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Creating DEM from topo survey

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I have a DEM from LiDAR, but since the imagery was taken a new road and has been constructed, and a large site reprofiled, affecting levels. We have had a topo survey of the area done, and I am trying to interpolate a grid from the point elevations to use in place of LiDAR where necessary (and subsequently fto use to extract z-points - as well as for presentation of results).

I have tried triangulation, however along road embankments I get little "domes" protruding into the embankment, where points along the bottom of the embankment are getting priority over higher points on the road. Obviously MapInfo doesn't know there is a string line that should connect all the low points along the bottom of the embankment, and a string line connecting all the kerb points etc. This is the most noticable result of interpolation, though I'm sure it's having effects in other places where elevation changes rapidly, and I don't want to start affecting hydraulics with this false small scale topography.

Has anyone had experience in trying to do a similar thing, and any tricks or methods to tidy this up? I'm thinking I may just have to pick out important features such as top of road embankment and add them as z lines/areas...

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I'm thinking I may just have to pick out important features such as top of road embankment and add them as z lines/areas...

well, as I understand it, this is exactly what Z-lines/areas are for, but if you need to do this at the Vertical Mapper level there are a couple of things I could recommend...

If you don't have enough points to successfully define your area using a normal interpolation, you need to make some more in order to give vertical mapper a few hints about what you consider to be the important features. The best way to do this is to draw a line and apply the elevation you want that line to be at. You can then split this line using vertical mapper's poly-to-point tool to generate the points you need. For big flat areas, drawing an enclosing rectangle and splitting it using poly-to-point will have a similar effect.

This is going to be very tedious to do if your road is sloping up or down along its length (as they are wont to do), so what I would probably do to get a suitable grid into vertical mapper is use TUFLOW, Z-lines and Z-regions to generate the shape in a 2D domain and then import the zpt check file, remove the ZH points and interpolate it to generate a grid.

I hope that's of at least a little help.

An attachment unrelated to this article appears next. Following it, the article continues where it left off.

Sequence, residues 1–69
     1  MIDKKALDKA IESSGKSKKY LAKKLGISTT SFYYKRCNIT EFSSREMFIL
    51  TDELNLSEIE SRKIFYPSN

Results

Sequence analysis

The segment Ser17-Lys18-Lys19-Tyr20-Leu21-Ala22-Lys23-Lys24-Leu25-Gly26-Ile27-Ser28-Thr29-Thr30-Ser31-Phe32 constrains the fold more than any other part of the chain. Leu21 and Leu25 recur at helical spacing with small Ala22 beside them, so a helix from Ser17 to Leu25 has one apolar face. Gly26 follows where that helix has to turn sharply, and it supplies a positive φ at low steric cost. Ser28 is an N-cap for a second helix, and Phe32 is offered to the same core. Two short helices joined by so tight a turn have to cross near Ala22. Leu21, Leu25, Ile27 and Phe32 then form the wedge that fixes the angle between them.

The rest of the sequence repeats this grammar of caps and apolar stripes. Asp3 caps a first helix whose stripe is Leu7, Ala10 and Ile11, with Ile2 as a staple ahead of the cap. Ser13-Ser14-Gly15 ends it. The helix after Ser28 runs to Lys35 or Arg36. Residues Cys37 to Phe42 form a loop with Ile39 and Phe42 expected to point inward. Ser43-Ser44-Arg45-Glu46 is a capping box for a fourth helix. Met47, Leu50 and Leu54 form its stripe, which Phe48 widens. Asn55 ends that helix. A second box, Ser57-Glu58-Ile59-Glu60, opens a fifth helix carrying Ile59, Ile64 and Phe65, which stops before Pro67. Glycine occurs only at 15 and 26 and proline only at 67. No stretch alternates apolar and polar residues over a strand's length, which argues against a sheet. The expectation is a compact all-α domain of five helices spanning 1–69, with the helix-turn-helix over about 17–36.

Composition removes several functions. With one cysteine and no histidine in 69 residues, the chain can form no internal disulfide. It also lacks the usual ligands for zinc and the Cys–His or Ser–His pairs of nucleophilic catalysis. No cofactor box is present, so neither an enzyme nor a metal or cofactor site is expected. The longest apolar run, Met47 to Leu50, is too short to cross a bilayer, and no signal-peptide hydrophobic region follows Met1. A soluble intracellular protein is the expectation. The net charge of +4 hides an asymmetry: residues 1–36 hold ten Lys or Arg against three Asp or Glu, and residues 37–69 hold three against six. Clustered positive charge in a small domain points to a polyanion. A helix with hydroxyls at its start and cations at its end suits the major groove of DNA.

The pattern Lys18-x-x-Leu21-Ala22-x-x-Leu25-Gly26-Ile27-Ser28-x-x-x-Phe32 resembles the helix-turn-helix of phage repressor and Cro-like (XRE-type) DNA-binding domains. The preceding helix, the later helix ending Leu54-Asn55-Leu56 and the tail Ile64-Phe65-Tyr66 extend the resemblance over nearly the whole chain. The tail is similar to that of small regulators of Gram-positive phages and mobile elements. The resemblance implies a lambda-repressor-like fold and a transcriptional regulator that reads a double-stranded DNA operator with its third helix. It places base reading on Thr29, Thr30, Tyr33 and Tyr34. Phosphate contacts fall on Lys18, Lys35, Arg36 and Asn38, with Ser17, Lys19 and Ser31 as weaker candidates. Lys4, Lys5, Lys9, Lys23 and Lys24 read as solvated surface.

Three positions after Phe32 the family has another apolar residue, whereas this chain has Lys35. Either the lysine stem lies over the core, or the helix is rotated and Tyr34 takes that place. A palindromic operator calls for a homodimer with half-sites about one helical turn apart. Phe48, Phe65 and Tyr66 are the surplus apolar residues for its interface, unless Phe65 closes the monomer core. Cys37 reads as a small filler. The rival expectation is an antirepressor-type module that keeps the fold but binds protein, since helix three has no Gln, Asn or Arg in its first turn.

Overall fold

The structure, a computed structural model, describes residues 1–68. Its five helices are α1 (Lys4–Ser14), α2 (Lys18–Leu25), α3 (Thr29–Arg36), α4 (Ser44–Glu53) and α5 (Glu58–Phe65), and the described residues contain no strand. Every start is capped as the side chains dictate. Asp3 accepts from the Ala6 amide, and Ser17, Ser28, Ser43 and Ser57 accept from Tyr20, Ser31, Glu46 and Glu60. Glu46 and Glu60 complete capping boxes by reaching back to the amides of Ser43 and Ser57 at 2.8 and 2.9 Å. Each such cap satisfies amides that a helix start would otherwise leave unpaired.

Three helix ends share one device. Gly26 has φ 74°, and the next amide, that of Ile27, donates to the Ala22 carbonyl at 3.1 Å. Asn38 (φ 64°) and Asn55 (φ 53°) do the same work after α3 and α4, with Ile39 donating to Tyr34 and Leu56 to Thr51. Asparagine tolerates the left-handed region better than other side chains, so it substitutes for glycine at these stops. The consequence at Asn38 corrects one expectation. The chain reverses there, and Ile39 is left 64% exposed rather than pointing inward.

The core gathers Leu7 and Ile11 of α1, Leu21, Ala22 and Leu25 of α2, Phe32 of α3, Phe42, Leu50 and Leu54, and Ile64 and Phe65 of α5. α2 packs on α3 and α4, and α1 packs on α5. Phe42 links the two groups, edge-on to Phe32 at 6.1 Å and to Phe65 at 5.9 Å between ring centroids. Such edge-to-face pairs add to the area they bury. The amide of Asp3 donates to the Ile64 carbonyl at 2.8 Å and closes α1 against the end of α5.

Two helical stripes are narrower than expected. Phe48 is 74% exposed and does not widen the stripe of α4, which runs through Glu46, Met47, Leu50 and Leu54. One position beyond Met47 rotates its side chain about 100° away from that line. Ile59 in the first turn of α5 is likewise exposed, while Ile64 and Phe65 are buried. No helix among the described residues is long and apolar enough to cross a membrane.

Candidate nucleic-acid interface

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Just Further to Gerald's comments, if you can get a grid created in VM of the new terrain you may able to try the grid stamping option in VM (Grid Manager - Tools - Splicer ).

You may be able to "stamp" the new terrain over the old by setup the stamping options to use only the max or min values.

I have used this option on a small area with some success. The critical issues the on the boundaries, it may be worthwhile copy some of the original survey information into the new terrain information before you create the grid (as Gerald has already mentioned).

Good Luck. I would be interested to know how you went and what method worked best.

Regards

David

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We had a very similar problem for a flood mapping job in Melbourne. We had photogrammetry of our study area and some detailed survey along an important road with an embankment. The survey was taken as regular cross sections across the road and embankment. We created some polylines along the road crest, gutter, top of curb and top of embankment and then created a tin of the survey using the polylines as breaklines in 12D. We then created a tin of the photogrammetry and then created a super tin (merged the 2 tins in 12D). This creates a grid that you can use for mapping purposes.

For modelling in TUFLOW we used the photogrammetry breaklines as 2D zlines to ensure that the crests, gutters, pavements were represented well in the model, so we updated the breaklines using the new survey data. I understand that you have LiDAR so probably do not have breaklines, but for any small important features you probably should use the 2D zlines, very easy to extract from a well constructed tin, or digitise up manually.

Cheers

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